Firefighters losing jobs
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Thread: Firefighters losing jobs

  1. #1
    Join Date
    Mar 2008
    Eugene, Oregon

    Firefighters losing jobs

    I'm sure you have seen the thread about the Oregon Firefighters who are losing thier jobs for not speaking spanish.

    I think our government figures need to understand our feelings on this issue. This cannot be allowed to go on. Below is a link to find the contact info of the people we need to express oursleves to. (All you need is to put in your zip code.)

    If you had (or have had) your job taken for not speaking a foreign language, wouldn't you want someone to stand up for you?:angry04:

    (Although teeming with anger, I managed to keep my letter professional. Makes for better results usually.):26:
    [SIGPIC][/SIGPIC]In order to rally people, governments need enemies. They want us to be afraid, to hate, so we will rally behind them. And if they don't have a real enemy, they'll invent one in order to mobilize us.

  3. Not really along the same lines but this is from my town

    The Charlestown Volunteer Fire Department has resumed using Henryville Correctional Facility inmates as firefighters, chief Lee Slaughter said yesterday.

    And so far, Slaughter said, he has received no complaints from the public, as he did in December when the practice became so contentious it was temporarily suspended.

    "They are not allowed in residential structures" unless there is a threat to a member of the public or a firefighter, Slaughter said of the inmate volunteers.

    The inmates will help support other firefighters at residential fires but will remain outside homes, the chief said, and they will participate in fighting other kinds of fires as other department volunteers

    The main objection raised earlier when residents became aware the fire department was using inmates was about allowing them into private homes to fight fires, Slaughter said.

    The program was suspended then for an investigation by the Department of Correction. But in January, Correction Commissioner David Donahue said he thought the program was a good one and expected it to resume after the agency completed a formal review.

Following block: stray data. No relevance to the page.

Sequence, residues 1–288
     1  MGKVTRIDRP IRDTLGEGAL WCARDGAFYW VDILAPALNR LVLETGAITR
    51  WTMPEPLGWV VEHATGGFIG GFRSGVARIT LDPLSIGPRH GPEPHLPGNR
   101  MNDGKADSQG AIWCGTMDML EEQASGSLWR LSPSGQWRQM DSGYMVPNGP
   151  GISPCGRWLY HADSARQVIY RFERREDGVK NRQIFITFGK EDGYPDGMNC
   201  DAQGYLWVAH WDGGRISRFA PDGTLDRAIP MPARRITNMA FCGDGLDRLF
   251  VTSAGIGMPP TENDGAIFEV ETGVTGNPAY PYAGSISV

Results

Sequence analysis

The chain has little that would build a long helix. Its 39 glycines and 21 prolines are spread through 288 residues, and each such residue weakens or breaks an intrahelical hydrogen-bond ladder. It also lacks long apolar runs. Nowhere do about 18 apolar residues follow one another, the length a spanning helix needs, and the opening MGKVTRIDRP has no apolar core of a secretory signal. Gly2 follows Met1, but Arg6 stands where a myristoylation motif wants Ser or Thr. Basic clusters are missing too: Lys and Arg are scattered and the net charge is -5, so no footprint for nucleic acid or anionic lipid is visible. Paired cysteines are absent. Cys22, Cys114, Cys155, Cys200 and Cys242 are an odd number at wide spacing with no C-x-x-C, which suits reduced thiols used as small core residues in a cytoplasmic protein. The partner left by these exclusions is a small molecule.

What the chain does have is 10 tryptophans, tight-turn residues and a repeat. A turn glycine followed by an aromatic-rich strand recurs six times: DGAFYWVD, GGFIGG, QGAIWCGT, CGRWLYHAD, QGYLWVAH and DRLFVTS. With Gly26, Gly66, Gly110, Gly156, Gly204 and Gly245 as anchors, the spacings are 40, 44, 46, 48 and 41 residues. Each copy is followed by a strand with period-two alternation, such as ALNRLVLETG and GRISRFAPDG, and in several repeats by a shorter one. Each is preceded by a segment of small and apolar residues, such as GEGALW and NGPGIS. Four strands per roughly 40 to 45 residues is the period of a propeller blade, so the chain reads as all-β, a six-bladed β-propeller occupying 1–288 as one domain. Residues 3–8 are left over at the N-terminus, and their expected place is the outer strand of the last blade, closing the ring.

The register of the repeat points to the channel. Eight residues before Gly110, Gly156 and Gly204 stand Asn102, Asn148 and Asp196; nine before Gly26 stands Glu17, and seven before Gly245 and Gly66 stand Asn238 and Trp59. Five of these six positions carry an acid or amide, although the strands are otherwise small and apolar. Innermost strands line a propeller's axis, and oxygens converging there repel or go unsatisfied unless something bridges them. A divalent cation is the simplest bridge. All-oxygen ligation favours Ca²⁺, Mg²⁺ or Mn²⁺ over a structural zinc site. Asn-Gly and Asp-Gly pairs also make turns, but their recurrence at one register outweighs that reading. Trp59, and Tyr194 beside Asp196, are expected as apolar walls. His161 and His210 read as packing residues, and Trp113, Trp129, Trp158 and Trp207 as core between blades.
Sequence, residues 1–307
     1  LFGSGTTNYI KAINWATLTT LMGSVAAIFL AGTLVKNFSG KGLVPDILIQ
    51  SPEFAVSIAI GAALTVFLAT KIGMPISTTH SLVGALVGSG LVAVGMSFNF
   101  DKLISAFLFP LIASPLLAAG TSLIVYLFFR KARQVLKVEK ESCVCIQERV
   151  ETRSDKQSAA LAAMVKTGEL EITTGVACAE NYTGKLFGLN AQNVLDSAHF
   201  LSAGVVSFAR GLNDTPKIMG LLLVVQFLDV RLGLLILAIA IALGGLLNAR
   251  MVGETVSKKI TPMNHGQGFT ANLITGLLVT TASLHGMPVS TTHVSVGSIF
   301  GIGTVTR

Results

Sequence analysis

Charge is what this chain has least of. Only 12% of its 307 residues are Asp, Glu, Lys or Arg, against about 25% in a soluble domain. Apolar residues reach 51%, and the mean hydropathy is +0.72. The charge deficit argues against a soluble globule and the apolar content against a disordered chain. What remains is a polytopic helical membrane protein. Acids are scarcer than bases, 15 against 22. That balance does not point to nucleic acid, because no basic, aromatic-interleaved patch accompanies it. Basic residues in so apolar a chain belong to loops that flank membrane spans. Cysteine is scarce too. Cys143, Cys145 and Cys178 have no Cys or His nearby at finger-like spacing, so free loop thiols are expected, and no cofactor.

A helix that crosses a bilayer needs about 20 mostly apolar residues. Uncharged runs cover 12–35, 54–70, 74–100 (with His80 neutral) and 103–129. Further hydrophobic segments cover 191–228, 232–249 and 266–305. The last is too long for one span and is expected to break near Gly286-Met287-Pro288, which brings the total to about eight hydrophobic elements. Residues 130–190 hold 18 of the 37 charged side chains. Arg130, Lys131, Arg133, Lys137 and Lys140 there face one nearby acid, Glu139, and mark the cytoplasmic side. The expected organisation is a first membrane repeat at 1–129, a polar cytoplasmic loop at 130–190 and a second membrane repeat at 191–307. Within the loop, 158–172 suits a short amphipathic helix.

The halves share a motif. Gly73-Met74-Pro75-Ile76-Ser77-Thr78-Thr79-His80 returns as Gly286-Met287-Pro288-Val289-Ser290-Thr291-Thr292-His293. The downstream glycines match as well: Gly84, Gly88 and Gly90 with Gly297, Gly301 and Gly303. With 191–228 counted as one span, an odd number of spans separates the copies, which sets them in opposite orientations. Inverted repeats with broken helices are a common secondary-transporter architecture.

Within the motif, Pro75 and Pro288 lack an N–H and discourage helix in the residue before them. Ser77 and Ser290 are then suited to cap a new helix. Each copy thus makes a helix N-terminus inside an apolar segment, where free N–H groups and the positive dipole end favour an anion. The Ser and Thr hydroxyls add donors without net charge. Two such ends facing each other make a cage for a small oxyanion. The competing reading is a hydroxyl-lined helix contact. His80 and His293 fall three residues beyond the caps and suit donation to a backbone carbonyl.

A spokesman for the Henryville prison couldn't be reached for comment yesterday.

    Slaughter said four Henryville inmates began working with the department again on Feb. 8, on an 8 a.m. to 4 p.m. shift Monday through Friday.

    Because most volunteers used by the fire department have other jobs during the day, the inmates are a great help, Slaughter said. They get the same training that other firefighters receive and are always supervised by fire department members who have been trained for that role by the Department of Correction, the chief said.

    To date, the inmates have been involved in fighting only one structure fire -- at a storage facility -- and Slaughter said they performed well.

    Chris Jones, a former fire department member until he was dismissed late last year after criticizing the decision to use inmates, said he still believes there is public concern about the practice. But he said he believes residents are unlikely to comment publicly because they see little response to their concerns from the fire department leadership.

    But Mark Goodlett, a Charlestown City Council member and treasurer of the fire department, said he has received no questions from the public about using inmates since the practice resumed.

    He said he believes most people now understand the need for the inmates during the day. He also said he has observed them maintaining fire department equipment and facilities and believes they are a big help.

    "I don't see a problem with it," Goodlett said

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